So how does Psalm 137:8-9 go with any of that?  It does not appear to, but we must be careful to react to the words that are there and not to the words that we imagine are there. Notice for example that the Psalmist doesn’t say: “How happy I will be when I smash some Babylonian babies against the wall!”

He doesn’t say that – he isn’t planning to personally avenge himself on the Babylonians.  Notice also that he doesn’t say: “What a wonderful thing it is to kill the babies of evil people!”  

He doesn’t say that either.  

He says: “Blessed is HE who repays you.  Who does to you what you did to us”.  

Scholars have understood that to mean one of two possible things. It could refer to the future king of the Persians who actually did destroy Babylon.  This could be a way of saying that the person who executes the Lord’s justice on Babylon will do so under the blessing of Almighty God.  

As it turns out, that did happen.  

In the 5th year of Darius the Babylonians revolted against the Medo-Persians and Darius laid siege to Babylon before destroying it.  He did to Babylon exactly what Babylon did to Jerusalem and it was brutal.  The historian Humphrey Prideaux describes it this way.  He says:

As soon as the Babylonians saw themselves begirt by such an army as they could not cope with in the field, they turned their thoughts wholly to the supporting of themselves in the siege; in order whereto they took a resolution, the most desperate and barbarous that ever any nation practised. For to make their provisions last the longer, they agreed to cut off all unnecessary mouths among them, and therefore drawing together all the women and children, they strangled them all, whether wives, sisters, daughters, or young children useless for the wars.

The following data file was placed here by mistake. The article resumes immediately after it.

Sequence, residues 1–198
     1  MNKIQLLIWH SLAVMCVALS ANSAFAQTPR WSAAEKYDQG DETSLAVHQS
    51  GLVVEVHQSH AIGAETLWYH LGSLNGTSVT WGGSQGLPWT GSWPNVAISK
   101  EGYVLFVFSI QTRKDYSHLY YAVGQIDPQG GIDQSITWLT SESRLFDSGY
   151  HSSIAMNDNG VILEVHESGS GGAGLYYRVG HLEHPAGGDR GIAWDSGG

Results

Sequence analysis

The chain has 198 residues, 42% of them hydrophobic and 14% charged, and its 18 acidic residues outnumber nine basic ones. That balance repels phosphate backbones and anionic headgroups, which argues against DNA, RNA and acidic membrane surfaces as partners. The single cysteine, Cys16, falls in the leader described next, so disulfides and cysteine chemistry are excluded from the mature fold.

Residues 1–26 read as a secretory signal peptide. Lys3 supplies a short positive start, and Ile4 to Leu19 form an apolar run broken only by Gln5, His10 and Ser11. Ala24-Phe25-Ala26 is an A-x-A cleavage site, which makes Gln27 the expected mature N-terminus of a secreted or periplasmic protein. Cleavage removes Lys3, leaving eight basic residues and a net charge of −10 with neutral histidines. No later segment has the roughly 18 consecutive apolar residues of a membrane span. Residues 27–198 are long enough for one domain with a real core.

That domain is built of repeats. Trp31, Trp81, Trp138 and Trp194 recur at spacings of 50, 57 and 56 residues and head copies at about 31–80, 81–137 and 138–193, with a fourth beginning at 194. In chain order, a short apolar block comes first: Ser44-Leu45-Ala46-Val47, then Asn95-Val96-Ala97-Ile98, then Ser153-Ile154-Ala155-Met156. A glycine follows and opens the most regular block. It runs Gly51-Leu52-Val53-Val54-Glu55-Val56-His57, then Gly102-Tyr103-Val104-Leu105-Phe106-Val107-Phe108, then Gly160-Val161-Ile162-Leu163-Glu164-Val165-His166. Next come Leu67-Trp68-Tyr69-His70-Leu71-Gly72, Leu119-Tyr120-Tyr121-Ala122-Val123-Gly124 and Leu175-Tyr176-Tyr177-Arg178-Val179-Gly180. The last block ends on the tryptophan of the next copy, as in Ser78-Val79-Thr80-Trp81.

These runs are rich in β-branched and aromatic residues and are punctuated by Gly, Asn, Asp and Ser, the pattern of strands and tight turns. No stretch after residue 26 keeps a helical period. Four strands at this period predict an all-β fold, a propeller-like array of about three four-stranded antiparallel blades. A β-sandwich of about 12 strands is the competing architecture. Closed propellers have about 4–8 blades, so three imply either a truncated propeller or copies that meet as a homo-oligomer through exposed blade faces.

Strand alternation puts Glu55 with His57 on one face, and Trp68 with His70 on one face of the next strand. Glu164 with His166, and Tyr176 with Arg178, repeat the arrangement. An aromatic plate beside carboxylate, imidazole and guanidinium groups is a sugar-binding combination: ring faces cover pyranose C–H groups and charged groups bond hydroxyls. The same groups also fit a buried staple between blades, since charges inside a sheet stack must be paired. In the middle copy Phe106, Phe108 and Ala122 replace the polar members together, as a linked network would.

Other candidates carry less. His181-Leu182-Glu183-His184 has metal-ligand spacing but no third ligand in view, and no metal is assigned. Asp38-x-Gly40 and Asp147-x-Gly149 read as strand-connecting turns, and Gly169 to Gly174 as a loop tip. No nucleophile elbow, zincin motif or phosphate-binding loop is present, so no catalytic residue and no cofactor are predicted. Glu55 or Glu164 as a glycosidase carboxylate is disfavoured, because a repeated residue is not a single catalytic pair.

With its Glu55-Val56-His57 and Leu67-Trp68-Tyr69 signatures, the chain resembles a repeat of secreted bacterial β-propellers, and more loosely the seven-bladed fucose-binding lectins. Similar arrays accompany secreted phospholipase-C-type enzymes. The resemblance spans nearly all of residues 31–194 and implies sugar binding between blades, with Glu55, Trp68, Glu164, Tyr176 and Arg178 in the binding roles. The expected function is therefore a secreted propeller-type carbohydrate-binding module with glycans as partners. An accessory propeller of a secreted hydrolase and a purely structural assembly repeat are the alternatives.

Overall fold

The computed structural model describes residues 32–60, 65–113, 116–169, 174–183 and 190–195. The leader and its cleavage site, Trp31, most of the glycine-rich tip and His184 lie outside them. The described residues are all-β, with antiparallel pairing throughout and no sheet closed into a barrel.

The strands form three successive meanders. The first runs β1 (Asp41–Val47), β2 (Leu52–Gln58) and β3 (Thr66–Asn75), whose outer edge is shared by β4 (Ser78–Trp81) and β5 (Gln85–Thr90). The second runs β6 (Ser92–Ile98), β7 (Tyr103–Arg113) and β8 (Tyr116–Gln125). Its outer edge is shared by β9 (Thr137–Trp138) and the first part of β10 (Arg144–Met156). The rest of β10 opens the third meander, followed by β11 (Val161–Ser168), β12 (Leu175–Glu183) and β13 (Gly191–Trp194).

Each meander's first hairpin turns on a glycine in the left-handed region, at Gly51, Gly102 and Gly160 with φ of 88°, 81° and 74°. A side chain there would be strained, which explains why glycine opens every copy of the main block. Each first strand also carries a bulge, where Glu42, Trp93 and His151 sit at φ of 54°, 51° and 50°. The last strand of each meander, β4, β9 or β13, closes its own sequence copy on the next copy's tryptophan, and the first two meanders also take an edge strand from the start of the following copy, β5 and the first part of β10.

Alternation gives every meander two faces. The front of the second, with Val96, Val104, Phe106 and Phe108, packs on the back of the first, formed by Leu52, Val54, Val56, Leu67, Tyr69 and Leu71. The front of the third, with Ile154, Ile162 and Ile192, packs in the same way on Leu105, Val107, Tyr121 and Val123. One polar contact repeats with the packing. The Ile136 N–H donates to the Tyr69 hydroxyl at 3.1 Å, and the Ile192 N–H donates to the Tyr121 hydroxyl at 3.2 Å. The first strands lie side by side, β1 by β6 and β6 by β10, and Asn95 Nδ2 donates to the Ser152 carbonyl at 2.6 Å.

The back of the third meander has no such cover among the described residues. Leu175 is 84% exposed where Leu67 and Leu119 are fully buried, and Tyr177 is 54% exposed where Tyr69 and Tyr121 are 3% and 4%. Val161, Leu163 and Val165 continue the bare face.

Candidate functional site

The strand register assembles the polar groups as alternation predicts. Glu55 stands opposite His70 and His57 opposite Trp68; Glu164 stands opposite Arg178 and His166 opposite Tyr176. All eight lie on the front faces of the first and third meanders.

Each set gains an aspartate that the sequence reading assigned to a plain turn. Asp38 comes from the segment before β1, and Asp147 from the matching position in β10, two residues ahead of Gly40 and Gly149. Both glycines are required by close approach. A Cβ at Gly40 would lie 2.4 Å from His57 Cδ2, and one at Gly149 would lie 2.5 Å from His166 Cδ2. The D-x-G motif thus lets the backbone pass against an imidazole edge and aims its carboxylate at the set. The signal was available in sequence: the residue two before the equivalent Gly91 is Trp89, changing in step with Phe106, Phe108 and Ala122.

The Babylonians were forced by Darius to do to their own children what they had done to the children of Jerusalem.  So it could mean that Darius was helped by God to effect this act of justice.  He was acting “under the blessing of God.”

It could equally mean that this act of justice was “exactly proportionate”.  The word translated by the ESV as “blessed” can also be translated as “straight” or “right”.  Some scholars feel that would be the better translation of this verse.  J. Alec Motyer for example translates it: “How right he will be who seizes and shatters your children against a rock!”  

If that is the correct translation then the Psalmist is predicting that God will not let this act of barbarism pass unchallenged.  He will see it and he will address it with perfect equity.  This verse then expresses faith and hope in future judgment.

That is in no way inconsistent with what we read in the New Testament.

In Romans 12 Paul says: “Never take your own revenge, beloved, but leave room for the wrath of God, for it is written, ‘Vengeance is mine, I will repay,’ says the Lord” (Romans 12:19 NASB).

The New Testament forbids believers to take their own vengeance – it does not tell them to despair of future judgment. It tells them the opposite! It says that God sees. God cares. And God repays.

He is blessed – he is RIGHT – in paying back.

In the end, no one gets away with anything. All sins will be paid for in blood. Either the blood of Christ or the blood of sinners. It is not wrong to long for the justice of God.